Decomposing the Moral Community: Religious Contexts and Teen Childbearing

Authors

  • Seth Ovadia,

    1. Bowdoin College
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  • Laura M. Moore

    Corresponding author
    1. Hood College
      *Correspondence should be addressed to Laura M. Moore, Department of Sociology and Social Work, Hood College, 401 Rosemont Ave., Frederick, MD 21701; moore@hood.edu.
      An earlier version of this article was presented at the annual meeting of the 2007 Southern Sociological Society, Atlanta, GA. We would like to thank Joe Bandy, Karin Brewster, Joy Ernst, Mark Regnerus, and the editor and reviewers for City & Community for their feedback on earlier drafts of this article.
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*Correspondence should be addressed to Laura M. Moore, Department of Sociology and Social Work, Hood College, 401 Rosemont Ave., Frederick, MD 21701; moore@hood.edu.
An earlier version of this article was presented at the annual meeting of the 2007 Southern Sociological Society, Atlanta, GA. We would like to thank Joe Bandy, Karin Brewster, Joy Ernst, Mark Regnerus, and the editor and reviewers for City & Community for their feedback on earlier drafts of this article.

Abstract

Teen birth rates vary widely across counties in the United States. In this study, we examine whether the religious composition of a county is correlated with the rate of teen childbearing using both a traditional moral communities approach and a “decomposed” version of that framework. Utilizing 2000 data from the Centers for Disease Control and Prevention, the United States Census Bureau, and the Religious Congregation and Membership Survey, we find that the total percentage of religious adherents in a county is not significantly correlated with the teen birth rate. However, when we decompose the Christian population into major denominational groupings, we find the percentage of evangelical Protestants in a county is positively associated with the teen birth rate while the percentage of Catholics is negatively associated with teen childbearing. Possible explanations for the association between religious context and teen birth rates are discussed, as well as their policy and research implications.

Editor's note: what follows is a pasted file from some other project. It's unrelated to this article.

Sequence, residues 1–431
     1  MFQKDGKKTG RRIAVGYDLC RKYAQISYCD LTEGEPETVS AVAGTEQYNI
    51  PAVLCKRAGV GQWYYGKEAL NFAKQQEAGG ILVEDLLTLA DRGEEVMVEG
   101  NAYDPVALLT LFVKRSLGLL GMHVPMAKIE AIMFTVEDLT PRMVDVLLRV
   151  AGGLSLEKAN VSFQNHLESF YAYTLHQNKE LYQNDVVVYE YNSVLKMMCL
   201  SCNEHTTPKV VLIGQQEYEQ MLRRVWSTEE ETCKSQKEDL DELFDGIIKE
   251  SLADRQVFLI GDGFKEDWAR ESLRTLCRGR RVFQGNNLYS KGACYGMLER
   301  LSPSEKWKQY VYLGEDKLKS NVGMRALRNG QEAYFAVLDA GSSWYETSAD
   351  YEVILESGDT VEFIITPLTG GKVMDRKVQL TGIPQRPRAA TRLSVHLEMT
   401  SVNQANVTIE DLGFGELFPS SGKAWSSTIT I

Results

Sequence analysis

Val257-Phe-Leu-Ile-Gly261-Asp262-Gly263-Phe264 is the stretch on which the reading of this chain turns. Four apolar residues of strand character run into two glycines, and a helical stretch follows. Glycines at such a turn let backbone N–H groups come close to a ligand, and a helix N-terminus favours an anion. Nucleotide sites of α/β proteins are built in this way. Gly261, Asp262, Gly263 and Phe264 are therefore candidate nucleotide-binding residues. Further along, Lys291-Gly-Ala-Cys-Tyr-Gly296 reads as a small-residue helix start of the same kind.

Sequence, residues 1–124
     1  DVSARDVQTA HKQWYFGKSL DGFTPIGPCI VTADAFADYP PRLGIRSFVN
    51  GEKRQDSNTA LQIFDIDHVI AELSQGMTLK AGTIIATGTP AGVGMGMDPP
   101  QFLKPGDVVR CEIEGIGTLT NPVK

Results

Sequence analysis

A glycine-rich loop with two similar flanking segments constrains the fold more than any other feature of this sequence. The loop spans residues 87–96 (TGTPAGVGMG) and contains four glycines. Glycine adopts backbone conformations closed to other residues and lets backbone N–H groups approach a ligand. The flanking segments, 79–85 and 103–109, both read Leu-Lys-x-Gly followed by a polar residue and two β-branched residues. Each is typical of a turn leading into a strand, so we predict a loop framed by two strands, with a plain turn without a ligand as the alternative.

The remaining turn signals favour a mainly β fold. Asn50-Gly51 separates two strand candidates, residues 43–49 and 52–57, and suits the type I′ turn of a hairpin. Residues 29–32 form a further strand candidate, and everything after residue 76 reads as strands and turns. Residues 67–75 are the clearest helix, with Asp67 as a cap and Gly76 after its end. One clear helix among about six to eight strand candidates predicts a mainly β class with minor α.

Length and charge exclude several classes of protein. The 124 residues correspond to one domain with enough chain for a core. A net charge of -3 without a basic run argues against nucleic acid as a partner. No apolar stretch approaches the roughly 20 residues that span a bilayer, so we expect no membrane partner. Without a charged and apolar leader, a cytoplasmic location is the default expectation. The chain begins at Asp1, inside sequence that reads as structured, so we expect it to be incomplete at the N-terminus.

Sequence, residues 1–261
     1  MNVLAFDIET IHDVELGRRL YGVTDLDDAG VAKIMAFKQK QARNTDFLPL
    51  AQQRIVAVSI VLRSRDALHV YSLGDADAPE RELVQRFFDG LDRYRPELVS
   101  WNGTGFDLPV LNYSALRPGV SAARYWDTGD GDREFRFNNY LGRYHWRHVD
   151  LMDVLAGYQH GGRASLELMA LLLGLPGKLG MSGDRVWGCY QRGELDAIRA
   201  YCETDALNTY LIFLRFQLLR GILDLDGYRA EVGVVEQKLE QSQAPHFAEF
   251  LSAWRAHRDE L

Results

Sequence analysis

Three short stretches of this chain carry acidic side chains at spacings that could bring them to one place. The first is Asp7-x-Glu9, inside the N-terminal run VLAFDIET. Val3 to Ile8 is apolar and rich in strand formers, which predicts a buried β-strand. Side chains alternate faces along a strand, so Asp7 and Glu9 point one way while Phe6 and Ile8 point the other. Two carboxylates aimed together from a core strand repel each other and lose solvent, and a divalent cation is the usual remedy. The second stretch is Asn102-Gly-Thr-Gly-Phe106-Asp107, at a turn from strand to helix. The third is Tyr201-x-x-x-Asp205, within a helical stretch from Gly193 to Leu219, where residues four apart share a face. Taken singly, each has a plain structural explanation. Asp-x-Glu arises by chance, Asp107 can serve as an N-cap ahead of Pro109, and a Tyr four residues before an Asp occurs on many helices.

Abstract

Descomponiendo la comunidad moral: contextos religiosos y el embarazo adolescente (Seth Ovadia y Laura M. Moore)

Resumen

Las tasas de embarazo adolescente varían ampliamente entre los diferentes condados de los Estados Unidos. En el presente estudio, examinamos si la composición religiosa de un condado está relacionada con la tasa de embarazo adolescente haciendo uso de la perspectiva tradicional de las comunidades morales al igual que una versión “descompuesta” de dicho marco analítico. Utilizando datos para el 2000 de los Centros para el Control y Prevención de Enfermedades, de la Oficina del Censo de los Estados Unidos y de la Encuesta sobre Membresía Religiosa, encontramos que no hay una correlación significativa entre el porcentaje total de personas pertenecientes a una religión en un condado y la tasa de embarazo adolescente. Sin embargo, cuando descomponemos la población cristiana en sus denominaciones principales, encontramos que el porcentaje de protestantes evangélicos en un condado está positivamente asociado con la tasa de embarazo adolescente mientras que el porcentaje de católicos está asociado negativamente con dicha tasa. El artículo discute varias explicaciones posibles para la asociación entre el contexto religioso y la tasa de embarazo adolescente al igual que las implicaciones en términos de políticas y de investigación futura.

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